by Jeremy Wagstaff
Myanmar has fewer phones per capita than any other country and probably the fewest internet connections, and that has regional telecoms and IT companies licking their lips.
But behind those statistics lies more than simply a virgin market waiting to be tapped. Myanmar has been run by generals for decades, leaving not only pent-up demand for connectivity, but also a complex web of interests and a unique ecosystem of technological make-do. All of which will require careful navigation by would-be investors.
A recent gathering of techies in Yangon’s Myanmar Info-Tech complex illustrates the promise, changes and problems Myanmar presents as the next frontier for investors.
The meeting was organised by a loose triumvirate of business-oriented folk, bloggers and the country’s IT diaspora. It was a so-called barcamp – an unstructured conference and chat-fest whose format was dreamed by up California techies tired of the exclusive, closed-door meets that are a regular feature of Silicon Valley.
The barcamp idea has taken Asia by storm, but nowhere more so than Myanmar. In October 2009, Emily Jacobi, founder of the first barcamp, traveled to Yangon in part to rustle up interest. Independent-minded bloggers and the business-oriented Myanmar Computer Professionals Association jumped at the idea, but overcoming mutual suspicions between the groups was less straightforward. Businessmen had long been used to building ties with government to win work.
“It was harder to convince my fellow independent co-founders of BarCamp Yangon that parking our activities under the umbrella of this legally standing computer association was a good idea,” says Thaung Su Nyein, secretary of the association and managing director of IT and media company Inforithm-Maze.
The first BarCamp Yangon, in early 2010, had 3,000 people turn up – a barcamp record. This was all the more surprising as it took place before any public sign of a political thaw. Opposition leader Aung San Suu Kyi was then still under house arrest. By the time of the third gathering last month she was a free woman, about to contest a by-election – and the gathering’s guest of honor.
The conference’s popularity is a reflection of how much interest there is in technology, but also illustrates how deprived local people are of information and networking opportunities.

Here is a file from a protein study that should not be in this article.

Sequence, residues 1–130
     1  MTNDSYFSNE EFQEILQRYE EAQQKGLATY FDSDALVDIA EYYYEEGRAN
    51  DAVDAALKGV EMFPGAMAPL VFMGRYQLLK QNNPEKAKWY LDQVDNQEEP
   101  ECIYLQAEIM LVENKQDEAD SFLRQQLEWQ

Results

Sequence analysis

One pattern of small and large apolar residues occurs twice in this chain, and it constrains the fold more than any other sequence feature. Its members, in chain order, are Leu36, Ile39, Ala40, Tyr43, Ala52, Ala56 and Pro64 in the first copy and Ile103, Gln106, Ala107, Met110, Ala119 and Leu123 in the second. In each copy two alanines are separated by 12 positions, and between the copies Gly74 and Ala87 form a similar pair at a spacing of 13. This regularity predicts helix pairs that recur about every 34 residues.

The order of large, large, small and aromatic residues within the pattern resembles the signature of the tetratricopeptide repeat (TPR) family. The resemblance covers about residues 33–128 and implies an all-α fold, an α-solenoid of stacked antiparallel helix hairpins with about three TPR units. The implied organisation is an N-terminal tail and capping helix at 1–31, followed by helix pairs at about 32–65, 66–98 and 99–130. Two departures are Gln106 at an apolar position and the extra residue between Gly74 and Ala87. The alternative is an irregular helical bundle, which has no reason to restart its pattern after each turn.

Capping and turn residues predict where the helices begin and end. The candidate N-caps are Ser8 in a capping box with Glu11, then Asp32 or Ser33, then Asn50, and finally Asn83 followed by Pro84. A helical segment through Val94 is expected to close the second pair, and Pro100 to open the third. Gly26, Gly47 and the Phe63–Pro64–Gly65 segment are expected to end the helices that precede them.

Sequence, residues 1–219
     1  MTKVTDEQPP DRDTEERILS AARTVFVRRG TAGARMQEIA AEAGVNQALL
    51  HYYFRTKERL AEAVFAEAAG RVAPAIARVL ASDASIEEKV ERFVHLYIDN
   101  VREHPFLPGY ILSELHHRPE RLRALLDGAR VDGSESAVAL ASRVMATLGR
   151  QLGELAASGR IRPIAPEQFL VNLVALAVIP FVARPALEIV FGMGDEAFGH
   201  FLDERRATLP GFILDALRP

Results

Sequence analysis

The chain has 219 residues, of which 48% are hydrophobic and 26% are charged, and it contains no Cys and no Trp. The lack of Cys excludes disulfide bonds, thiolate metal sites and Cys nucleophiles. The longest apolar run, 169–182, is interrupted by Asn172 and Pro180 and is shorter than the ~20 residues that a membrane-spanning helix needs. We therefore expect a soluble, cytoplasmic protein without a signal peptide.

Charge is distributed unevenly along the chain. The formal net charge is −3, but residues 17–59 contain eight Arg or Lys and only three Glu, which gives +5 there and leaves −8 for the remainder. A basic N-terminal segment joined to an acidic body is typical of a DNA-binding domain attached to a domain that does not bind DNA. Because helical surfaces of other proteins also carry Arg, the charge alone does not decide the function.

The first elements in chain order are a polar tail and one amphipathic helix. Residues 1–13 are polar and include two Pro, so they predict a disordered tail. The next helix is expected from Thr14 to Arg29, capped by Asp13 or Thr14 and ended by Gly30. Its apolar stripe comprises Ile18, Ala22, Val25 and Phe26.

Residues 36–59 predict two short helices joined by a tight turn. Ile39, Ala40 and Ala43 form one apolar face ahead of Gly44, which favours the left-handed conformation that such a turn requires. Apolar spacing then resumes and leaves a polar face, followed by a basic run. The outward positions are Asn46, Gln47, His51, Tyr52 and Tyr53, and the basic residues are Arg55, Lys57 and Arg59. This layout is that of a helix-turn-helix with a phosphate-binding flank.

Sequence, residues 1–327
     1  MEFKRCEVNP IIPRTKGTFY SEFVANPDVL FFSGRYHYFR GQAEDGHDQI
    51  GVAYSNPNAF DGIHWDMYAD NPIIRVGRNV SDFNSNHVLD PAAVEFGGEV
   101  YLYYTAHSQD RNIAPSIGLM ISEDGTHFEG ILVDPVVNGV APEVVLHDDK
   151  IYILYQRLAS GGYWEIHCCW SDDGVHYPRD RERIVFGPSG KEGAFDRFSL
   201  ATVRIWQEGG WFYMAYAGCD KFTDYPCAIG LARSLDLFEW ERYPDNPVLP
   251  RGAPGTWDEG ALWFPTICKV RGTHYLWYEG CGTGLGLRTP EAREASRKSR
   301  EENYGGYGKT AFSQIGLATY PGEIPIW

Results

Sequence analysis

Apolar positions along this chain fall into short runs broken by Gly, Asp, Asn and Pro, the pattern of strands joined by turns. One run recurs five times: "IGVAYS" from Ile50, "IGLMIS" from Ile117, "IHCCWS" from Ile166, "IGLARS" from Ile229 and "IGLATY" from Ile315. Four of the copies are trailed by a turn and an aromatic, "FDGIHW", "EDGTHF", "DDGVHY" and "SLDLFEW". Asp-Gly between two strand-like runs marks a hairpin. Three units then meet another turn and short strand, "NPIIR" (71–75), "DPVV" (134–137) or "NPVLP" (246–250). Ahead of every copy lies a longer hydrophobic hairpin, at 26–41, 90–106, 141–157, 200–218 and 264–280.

Thar Htet, a Singapore-based IT consultant who gave several talks at the first barcamp, said it was clear that most of those attending didn’t understand even relatively basic topics. “You could see from their eyes that they didn’t really understand,” he recalls.
When he went back this year, however, he found things had changed – a little. “People are teaching themselves and now certainly understand the topics better. But I also made the presentations simpler.”
This is perhaps unsurprising. Although internet cafes have proliferated since 2003, helping spawn a generation of bloggers and self-taught programmers, there are limits to what they can do on slow Internet connections and without foreign training and expertise.
When Pyae Phyo Maung, for example, attended the University of Computer Studies, Yangon, he had to bring his own computer. Those who want to learn more must head overseas. Pyae Phyo Maung left for Singapore in 2009 where he still works as a computer consultant. Of his class of 10, he says, only two have remained in Myanmar.
The barcamp highlights the challenges facing both local IT players and any future investors: how to address the tight grip on the country’s IT and communications network by a coterie of government and business players.
The government has long been caught between the commercial possibilities of technology and an instinct for self-preservation. Until recently, that self-preservation meant severely restricting access to communications, whether it was a telephone or an Internet connection.
This became more acute after the 2007 Saffron Revolution, when activists posted photos, videos and reports of the anti-government protests to the outside world via cellphone and Internet. A crackdown on bloggers quickly followed.
“It’s more worries about an Arab Spring,” says Marc Einstein, Tokyo-based regional analyst at Frost & Sullivan. “It’s not a lack of funds holding things back.”
This is, after all, a country where the US State Department warns visitors that it is illegal to own a modem, and where all network-ready computers must be registered with state-owned Myanmar Post and Telecommunications (MPT). Failure to do so could result in a fine and a 15-year jail term.
In 2000, according to a survey of the industry by Australia-based consultant Paul Budde, the MPT changed its terms of service to warn that online content would be subject to the same strict filtering the offline media was subject to, and that users must obtain permission before creating web pages.
The result is an IT industry rife with gaping holes, divides and bottlenecks. There is, for example, no standard Unicode font for Burmese text, meaning users must install special fonts to read web pages. Mobile penetration is anywhere between 1 percent and 3 percent. North Korea’s penetration is about 4 percent.
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